On our latest visit Hugo had a good run on the beach but there are also plenty of coastal and inland walks to do in the area including Arnside Knott and along the shoreline to Silverdale. Do make sure you listen out for the sirens that are sounded to warn of the incoming Arnside Tidal Bore, a high tidal wave that happens once a month in Arnside’s estuary.
The village has a couple of dog friendly pubs and cafes. We chose to sit outside with the best ever fish & chips from Arnside Chippy. We also visited a very cute little jazz cafe opposite Arnside’s Railway station. Moochin About is a teeny tiny espresso bar with the cutest decor and vinyl jazz records playing on a record player. Sad to say no doggies allowed inside, purely because it is so small. There are two benches outside though, water bowls and the lovely owner brought out biscuits for Hugo and a collie customer. 🐕
If you have a dog, what beaches do you like to visit with them?
Sometimes I love to revisit places on my blog and Skipton is no exception. On Friday a friend and I took a bus over the Yorkshire border to this pretty market town, often known as The Gateway to the Dales. With its 900 year old Castle, cobbled shopping streets and beautiful woodland walks, Skipton makes for a grand day out. 🙂
As my friend had never visited Skipton Castle, we decided to head there first. The incredibly thick walls of this formidable fortress held off a three year siege in The Civil War. Visitors can explore the many rooms including The Great Hall , the Muniment Tower and the charming Conduit Court. In the grounds Spring brings a glorious display of dancing daffodils.
After aquainting ourselves with the Castle, we felt a bit peckish ! This tasty pie selection in Farmhouse-Fare was to much temptation. Pies bought, we ambled toward Skipton Castle Woods ……. in search of sculptures.
Skipton Castle Woods is a rare ancient woodland with over a thousand years of history. It’s diverse wildlife includes dippers, kingfishers, woodpeckers, deer, bats, badgers and bluebells. Paths follow Eller Beck , meandering through a green carpet of wild garlic leaves. We used the Mill Bridge Entrance to access the woods.
Since my last wander in Skipton Castle Woods two beautiful willow sculptures have appeared, both looking incredibly natural in their forest surroundings. Other new installations include an Eller Beck Information Board and a gorgeous kingfisher carved bench.
After our walk and nosy round the shops we finished our day off with cake. 🙂
My favourite place to go for tea and cake in Skipton is the colourful and Quirky Cakeole in the Craven Court Arcade.
Ah but where in Clitheroe can you find a White Rabbit, a March Hare, a sleepy Dormouse and a Mad Hatter taking tea? There’s a very good chance you might, at Callooh! Callay , an Alice in Wonderland inspired Tea Room on Moor Lane. If your up for a Mad Tea-party…. or simply a tea-time treat, this is the place to come. ♤♡◇♧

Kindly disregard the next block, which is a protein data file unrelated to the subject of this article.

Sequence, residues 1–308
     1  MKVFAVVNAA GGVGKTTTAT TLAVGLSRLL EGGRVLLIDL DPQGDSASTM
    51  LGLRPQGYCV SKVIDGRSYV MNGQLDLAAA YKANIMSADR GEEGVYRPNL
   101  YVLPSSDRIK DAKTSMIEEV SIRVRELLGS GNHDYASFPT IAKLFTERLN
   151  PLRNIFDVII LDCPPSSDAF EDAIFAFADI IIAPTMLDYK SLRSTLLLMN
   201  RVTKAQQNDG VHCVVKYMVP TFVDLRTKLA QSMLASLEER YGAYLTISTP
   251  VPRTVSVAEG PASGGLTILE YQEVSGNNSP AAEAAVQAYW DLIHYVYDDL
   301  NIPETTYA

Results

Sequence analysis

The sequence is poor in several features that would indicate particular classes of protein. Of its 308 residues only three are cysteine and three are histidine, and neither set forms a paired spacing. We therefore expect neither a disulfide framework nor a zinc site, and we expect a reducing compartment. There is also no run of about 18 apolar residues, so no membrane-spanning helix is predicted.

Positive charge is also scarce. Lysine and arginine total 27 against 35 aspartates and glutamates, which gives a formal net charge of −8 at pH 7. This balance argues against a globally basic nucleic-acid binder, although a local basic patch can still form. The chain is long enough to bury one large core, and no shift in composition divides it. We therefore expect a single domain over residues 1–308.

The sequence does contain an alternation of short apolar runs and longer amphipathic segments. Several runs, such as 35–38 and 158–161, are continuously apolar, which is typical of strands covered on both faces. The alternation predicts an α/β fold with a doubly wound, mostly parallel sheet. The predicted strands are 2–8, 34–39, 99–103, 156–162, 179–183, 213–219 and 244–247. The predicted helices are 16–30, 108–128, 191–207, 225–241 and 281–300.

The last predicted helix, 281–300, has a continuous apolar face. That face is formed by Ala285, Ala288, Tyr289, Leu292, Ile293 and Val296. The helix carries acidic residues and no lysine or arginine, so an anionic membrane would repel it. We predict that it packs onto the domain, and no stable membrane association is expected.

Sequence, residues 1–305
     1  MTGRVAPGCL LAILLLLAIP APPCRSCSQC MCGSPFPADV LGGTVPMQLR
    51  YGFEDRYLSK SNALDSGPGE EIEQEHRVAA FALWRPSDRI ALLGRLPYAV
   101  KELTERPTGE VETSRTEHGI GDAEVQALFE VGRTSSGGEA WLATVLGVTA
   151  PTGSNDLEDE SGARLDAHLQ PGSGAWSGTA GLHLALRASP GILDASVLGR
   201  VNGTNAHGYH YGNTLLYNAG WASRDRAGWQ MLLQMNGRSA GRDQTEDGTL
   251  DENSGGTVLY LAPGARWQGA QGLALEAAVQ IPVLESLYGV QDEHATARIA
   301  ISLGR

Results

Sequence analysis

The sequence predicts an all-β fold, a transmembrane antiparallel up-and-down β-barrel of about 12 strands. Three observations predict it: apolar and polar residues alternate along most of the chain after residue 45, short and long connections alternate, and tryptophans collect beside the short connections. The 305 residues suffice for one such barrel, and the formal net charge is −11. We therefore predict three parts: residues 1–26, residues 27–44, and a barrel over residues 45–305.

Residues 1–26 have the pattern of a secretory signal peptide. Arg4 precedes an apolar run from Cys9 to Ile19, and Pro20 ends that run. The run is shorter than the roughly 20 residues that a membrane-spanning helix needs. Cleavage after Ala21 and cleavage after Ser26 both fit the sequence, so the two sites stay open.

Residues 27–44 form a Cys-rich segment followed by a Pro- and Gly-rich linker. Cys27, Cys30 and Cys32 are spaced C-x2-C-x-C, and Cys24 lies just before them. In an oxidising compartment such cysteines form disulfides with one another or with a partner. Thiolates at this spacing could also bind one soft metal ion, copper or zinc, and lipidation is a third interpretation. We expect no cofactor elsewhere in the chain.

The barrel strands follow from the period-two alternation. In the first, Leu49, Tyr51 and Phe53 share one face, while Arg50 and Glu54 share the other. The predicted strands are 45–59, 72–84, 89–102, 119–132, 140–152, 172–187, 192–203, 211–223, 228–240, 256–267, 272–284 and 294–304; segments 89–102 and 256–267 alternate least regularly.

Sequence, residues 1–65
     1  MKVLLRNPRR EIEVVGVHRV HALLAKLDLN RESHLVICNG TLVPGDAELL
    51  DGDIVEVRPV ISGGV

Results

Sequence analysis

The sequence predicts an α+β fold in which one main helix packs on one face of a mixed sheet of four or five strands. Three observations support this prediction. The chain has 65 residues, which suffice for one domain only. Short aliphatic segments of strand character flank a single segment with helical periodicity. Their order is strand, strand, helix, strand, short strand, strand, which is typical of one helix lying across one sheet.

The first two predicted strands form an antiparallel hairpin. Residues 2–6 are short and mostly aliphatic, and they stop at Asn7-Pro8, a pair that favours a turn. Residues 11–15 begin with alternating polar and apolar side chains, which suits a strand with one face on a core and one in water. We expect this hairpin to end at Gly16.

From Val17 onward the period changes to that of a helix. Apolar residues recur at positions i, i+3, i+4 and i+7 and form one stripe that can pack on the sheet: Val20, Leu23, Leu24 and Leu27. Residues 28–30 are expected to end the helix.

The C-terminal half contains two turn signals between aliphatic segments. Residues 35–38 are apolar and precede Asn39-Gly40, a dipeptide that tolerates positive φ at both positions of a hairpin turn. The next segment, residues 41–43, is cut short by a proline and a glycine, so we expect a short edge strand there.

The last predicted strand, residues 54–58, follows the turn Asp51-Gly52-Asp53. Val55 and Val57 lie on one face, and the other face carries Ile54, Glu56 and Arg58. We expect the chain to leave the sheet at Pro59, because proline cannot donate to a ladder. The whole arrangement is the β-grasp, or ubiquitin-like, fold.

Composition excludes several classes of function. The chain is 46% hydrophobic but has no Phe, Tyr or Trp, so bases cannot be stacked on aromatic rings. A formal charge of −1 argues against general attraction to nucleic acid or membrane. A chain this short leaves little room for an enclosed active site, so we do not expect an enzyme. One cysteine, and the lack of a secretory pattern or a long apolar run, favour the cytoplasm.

Now Callooh Callay has been open for a few years now. In fact I had my 40th Birthday ( or should that be Un-birthday) tea-party here, four years ago. Sob! How time flies and where’s my pocket watch. Its recently become under new ownership and happily the owners have continued with the Wonderland theme.
My friend Lisa and I bobbed in for a brew yesterday and we couldn’t resist the tempting array of cakes on display. Lisa chose a slab of delicious millionaires shortbread and I ordered a slice of starry chocolate cake. It went very well with my March Hare Perk Me Up Peppermint Tea. Delightful. 🙂
As you can see everything comes served upon lovely mis-matched vintage china. Pink flamingos adorn the cafe walls.
After our refreshments we bobbed upstairs for a nosy. There are two further rooms and a cute bathroom on the first floor.
Upstairs you can browse in the newly opened craft shop and there are plans afoot for Craft and Natter mornings.
The cafe now extends to upstairs too. I love the ambience in this cosy room. Now available to hire for private parties, the dressing up area in the corner is a nice touch. I can see my niece and god daughters loving it here. 😁
Callooh Callay is open every day 10 ~ 5pm and 12 ~ 4pm on Sundays. Maybe Alice herself will welcome you!
‘ And hast thou slain the Jabberwock?
Come to my arms, my beamish boy!
O frabjous day! Callooh! Callay!’
He chortled in his joy.
From the poem JABBERWOCKY by Lewis Carroll ~ Alice’s Adventures Through The Looking Glass.
I had been researching Snowdrop Walks in Lancashire and found two. Both were at historic piles and not to far from the sea .Lytham Hall near St Annes and Hornby Castle , a short drive from Morecambe. I managed to persuade Wil that we could incorporate snowdrops and seaside into a good day out for ourselves and our Labrador Hugo. Off we set on a dreary grey day in Clitheroe, heading for Hornby Castle near Lancaster . We actually ended up blessed with some sunshine. 🙂
Hornby Castle in the Lune Valley overlooks the village of Hornby and the river Wenning. Parts of the building date back to the 13th century and the impressive tower that dominates it’s shape is 16th century. The castle is privately owned and the gardens are only opened to the public a few days a year
It was lovely to see all the many varieties of snowdrops in bloom. They carpeted the woodland, grew in thickets by the river and adorned the lovely walled garden. Hugo’s favourite part was exploring the riverside walk.